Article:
“from Deretter” by Endre Ruset

Endre Ruset


                   After a veil of rain,
               butterflies rise from
       the ground.  She runs with my
       blow                               n kiss, but its
      moi                                           sture in the
      air                                                    drifts     a
   part.                                  W           here  autumn
      sm          ould                                           ers paper
                                                                            aeroplanes fly
            out                                                     of a bonfire’s white
            ashes.              We gasp             for breath and stamp
      at the clouds                                        try to step on their faces
    like treading after                            plastic bags, run halting
   ly, before we release                    them and grab each other. 
These days I think we’ll             stick to each other like fire
   until we go out. How mo    bile phones go out. How a
      blown kiss goes out.             The way the light around us goes
   out. Until we run around     and around in the dark searching
for the switch marked              Spring at the back
               of our minds.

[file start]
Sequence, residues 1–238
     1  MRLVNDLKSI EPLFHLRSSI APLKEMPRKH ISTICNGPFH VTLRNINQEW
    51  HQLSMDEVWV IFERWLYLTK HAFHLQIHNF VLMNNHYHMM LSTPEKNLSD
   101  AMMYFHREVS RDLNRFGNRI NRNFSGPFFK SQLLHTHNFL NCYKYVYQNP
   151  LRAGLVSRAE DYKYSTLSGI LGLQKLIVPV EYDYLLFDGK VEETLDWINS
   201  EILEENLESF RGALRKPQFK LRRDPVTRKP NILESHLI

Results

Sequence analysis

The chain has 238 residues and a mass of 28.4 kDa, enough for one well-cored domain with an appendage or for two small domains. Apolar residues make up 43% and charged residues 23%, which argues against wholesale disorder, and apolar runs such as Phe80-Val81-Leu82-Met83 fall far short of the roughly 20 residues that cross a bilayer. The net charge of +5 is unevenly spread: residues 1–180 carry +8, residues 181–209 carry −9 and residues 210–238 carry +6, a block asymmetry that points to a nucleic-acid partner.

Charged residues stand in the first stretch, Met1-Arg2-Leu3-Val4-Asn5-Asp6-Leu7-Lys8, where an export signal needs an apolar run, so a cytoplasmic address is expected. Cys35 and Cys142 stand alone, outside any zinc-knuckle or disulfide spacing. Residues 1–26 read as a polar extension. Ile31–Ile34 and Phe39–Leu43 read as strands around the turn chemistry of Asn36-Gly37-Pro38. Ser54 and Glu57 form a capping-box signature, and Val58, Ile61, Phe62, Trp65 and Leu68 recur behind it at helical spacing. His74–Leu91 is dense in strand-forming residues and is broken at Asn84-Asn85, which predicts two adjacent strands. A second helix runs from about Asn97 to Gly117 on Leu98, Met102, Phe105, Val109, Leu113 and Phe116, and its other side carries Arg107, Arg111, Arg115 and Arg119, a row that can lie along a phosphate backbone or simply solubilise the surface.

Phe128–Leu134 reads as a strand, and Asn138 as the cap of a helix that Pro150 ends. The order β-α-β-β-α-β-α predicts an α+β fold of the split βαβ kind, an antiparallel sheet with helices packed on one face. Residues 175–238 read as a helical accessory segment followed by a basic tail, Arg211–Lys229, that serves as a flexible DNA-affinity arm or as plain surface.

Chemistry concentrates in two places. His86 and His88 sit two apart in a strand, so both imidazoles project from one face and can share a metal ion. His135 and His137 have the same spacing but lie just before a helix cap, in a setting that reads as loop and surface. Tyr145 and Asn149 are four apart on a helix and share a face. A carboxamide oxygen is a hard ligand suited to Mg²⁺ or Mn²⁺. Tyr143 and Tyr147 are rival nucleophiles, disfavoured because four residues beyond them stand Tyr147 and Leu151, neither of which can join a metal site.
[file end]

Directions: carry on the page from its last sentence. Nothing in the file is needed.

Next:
Translated from the Norwegian by Harry Man

from Rattle #77, Fall 2022
Tribute to Translation


Endre Ruset lives in Molde, Norway. He has written six collections of poetry, including both elegies and poems after the veteran Japanese ski jumper Noriaki Kasai. His latest collection Deretter (Thereafter) was a Dagblaget Book of the Year 2021. (web) | Harry Man: “On the 22nd of July, 2011, two attacks took place in Norway, the first a bombing in the Government Quarter of Oslo that killed eight and injured a further 209, followed by a mass shooting, the worst in European history. An extreme right-wing terrorist armed with a hunting rifle, a pistol, and jerry cans filled with diesel took a ferry to the remote island of Utøya where a summer camp was taking place. There they opened fire on children, teenagers, organisers, and volunteers, killing 69 people. The senselessness of the attacks shook Norway and Europe to its core. For the past five years I’ve been working with the Norwegian poet Endre Ruset to translate his poems. These are poems that not only commemorate, but that also look to ask deeper questions about the enduring effects of such tragedies on survivors, the bereaved, local communities, and how this ongoing process of PTSD treatment, grief counselling, taking part in studies, workshops, group and physical therapy for so many is profoundly a form of second survival.” (web)

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